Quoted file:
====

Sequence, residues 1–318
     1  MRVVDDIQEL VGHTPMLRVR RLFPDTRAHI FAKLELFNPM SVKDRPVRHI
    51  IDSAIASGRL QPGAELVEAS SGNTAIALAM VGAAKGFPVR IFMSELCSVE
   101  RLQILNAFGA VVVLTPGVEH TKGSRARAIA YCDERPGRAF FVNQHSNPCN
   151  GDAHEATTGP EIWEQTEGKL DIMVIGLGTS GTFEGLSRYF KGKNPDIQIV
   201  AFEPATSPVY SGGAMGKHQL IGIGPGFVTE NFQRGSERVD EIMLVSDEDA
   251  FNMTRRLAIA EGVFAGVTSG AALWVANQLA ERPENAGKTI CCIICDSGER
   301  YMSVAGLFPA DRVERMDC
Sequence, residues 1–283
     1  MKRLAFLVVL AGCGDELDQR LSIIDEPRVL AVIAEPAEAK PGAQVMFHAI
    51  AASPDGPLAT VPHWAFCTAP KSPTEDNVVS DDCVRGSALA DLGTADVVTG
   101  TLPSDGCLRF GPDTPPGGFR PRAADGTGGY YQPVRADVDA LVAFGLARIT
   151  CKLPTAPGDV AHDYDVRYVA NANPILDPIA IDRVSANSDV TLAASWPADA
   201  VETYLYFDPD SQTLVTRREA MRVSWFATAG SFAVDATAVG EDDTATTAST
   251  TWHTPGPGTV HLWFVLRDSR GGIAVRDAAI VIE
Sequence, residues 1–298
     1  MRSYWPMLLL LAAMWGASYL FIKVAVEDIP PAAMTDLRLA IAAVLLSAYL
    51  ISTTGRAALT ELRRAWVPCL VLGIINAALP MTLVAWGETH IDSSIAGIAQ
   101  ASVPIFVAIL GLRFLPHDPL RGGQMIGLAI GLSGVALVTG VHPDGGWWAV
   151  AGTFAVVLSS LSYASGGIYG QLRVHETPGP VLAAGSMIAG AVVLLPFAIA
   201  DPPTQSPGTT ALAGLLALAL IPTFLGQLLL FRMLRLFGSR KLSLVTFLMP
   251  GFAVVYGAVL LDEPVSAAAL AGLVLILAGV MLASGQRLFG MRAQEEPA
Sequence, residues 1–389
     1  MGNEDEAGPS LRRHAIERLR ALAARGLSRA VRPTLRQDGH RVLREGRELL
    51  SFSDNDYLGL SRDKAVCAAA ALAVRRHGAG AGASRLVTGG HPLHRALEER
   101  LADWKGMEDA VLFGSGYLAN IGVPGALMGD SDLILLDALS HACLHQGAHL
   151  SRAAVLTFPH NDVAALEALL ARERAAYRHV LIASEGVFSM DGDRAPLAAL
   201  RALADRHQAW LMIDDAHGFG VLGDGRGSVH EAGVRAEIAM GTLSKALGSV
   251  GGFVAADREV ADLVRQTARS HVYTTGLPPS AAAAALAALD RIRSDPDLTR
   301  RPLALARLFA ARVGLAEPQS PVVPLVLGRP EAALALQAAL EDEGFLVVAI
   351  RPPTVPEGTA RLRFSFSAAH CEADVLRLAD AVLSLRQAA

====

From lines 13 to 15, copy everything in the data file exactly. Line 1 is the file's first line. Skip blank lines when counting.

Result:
   151  CKLPTAPGDV AHDYDVRYVA NANPILDPIA IDRVSANSDV TLAASWPADA
   201  VETYLYFDPD SQTLVTRREA MRVSWFATAG SFAVDATAVG EDDTATTAST
   251  TWHTPGPGTV HLWFVLRDSR GGIAVRDAAI VIE